The other two cases are kind of twinned, SpeechNOW.org and Citizens United. Citizens United holds simply that you can't prohibit corporations or unions from engaging in that same type of independent expenditure. So, prior to that, an individual could spend money, but a corporation could not spend money, at least not to explicitly advocate the election or defeat of a candidate. They could spend money now on those ads influencing or relative to a candidate, but they couldn’t say vote for this guy, vote against that guy.
Nico Perrino: When you're talking about independent expenditures, you mean they're not coordinated with the candidate.
Bradley Smith: Right, it means they're –
Nico Perrino: They're done just completely separate from the candidate?
Bradley Smith: Done separately from the candidate, right. So, that was the deal there.
And note that that ban – Citizens United often talks about a lot of corporations to spend money, but remember we’re not just talking corporations like Exxon or Apple or something. You know we’re talking corporations like the Sierra Club or FIRE or the Institute for Free Speech, you know nonprofit organizations that people join precisely to engage in public discussion and public debates and they're all nonprofit corporations. They were all prohibited as well from saying specifically vote for/vote against that candidate. And so that was struck down in Citizens United.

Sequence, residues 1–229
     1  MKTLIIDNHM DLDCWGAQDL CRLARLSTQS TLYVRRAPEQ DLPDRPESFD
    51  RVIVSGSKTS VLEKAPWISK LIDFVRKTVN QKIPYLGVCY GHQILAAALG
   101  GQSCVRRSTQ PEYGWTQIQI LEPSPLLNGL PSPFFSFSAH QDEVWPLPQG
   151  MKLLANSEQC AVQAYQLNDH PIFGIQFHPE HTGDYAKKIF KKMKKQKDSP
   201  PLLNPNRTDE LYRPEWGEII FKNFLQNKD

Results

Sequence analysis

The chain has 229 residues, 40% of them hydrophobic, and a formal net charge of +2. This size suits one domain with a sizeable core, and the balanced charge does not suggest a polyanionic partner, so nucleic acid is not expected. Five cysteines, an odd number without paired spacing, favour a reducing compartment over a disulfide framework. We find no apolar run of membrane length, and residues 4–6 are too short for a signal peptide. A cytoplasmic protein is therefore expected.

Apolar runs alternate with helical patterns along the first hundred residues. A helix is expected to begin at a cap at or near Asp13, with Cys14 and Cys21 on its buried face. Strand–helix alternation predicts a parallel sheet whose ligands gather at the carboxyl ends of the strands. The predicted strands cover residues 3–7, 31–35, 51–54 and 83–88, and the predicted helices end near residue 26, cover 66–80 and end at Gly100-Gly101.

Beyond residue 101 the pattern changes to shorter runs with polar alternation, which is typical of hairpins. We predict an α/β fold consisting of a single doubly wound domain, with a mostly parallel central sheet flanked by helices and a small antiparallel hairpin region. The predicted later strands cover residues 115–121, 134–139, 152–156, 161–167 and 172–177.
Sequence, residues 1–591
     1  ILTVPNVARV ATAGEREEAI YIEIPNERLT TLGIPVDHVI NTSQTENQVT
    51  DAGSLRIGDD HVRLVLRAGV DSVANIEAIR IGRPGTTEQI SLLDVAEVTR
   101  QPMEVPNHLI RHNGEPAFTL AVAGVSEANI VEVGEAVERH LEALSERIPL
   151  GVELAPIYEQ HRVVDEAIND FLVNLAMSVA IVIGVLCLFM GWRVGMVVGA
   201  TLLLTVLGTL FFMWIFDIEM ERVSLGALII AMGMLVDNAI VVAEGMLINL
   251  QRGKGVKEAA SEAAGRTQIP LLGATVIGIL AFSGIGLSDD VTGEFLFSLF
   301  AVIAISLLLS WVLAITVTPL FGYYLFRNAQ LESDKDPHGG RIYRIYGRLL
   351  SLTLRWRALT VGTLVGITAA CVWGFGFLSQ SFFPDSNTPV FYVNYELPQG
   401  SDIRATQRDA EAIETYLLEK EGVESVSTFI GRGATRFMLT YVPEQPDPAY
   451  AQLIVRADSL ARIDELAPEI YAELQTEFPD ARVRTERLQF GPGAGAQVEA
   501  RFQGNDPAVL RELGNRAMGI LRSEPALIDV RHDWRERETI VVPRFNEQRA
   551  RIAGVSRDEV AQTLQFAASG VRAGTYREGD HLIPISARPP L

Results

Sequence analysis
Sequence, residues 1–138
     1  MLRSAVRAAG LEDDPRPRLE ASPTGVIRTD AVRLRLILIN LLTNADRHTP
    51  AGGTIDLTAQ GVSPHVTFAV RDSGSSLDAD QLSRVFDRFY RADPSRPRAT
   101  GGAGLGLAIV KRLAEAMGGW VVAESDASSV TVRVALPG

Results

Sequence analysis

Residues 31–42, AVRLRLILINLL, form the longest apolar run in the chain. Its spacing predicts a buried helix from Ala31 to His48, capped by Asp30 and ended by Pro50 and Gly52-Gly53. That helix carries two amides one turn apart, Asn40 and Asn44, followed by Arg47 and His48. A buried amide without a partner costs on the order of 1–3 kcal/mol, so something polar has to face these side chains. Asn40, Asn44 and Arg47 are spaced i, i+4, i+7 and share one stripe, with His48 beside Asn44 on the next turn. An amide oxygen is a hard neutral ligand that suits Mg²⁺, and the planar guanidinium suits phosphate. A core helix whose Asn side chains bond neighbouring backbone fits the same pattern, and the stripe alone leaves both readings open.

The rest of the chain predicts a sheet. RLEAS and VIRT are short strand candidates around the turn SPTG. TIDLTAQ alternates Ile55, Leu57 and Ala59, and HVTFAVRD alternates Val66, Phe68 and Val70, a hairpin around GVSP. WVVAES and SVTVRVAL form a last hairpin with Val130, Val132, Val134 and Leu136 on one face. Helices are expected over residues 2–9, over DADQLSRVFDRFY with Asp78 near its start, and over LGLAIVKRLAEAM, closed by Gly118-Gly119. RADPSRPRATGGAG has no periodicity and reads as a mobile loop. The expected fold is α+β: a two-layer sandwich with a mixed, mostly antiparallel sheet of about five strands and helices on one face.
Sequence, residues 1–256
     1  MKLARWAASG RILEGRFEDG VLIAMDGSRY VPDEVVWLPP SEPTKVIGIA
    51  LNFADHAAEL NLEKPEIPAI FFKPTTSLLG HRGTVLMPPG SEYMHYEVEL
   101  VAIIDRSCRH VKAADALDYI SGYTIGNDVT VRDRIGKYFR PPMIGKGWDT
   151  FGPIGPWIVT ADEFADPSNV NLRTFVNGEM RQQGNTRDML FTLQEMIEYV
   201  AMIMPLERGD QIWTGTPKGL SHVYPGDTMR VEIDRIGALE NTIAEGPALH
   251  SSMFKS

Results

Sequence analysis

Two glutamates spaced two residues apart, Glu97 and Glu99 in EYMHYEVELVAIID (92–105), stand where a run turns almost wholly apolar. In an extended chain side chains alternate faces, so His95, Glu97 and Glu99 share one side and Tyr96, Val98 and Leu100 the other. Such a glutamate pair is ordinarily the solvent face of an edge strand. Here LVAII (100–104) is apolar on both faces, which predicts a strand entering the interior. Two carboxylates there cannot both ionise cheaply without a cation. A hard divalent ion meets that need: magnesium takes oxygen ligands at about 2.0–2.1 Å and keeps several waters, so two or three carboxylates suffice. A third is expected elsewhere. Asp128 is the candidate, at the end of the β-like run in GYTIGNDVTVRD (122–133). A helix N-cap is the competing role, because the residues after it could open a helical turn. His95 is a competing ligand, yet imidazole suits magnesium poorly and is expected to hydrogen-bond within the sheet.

Actually, it’s a very ordinary First Amendment decision, if you think about it. And if you'd like, we can go into that in greater detail.
But to cover SpeechNOW, SpeechNOW adds to Citizens United. It’s to say it’s also okay for people to pool their resources. The Federal Election Commission’s reaction to SpeechNOW – or to Citizens United was to say, okay, Charles Koch wants to spend $10 million, that’s fine. And if his brother, David Koch, wants to spend $10 million, that’s fine, but as soon as the two of them get together, now they're not really spending money, they're contributing it to a common fund.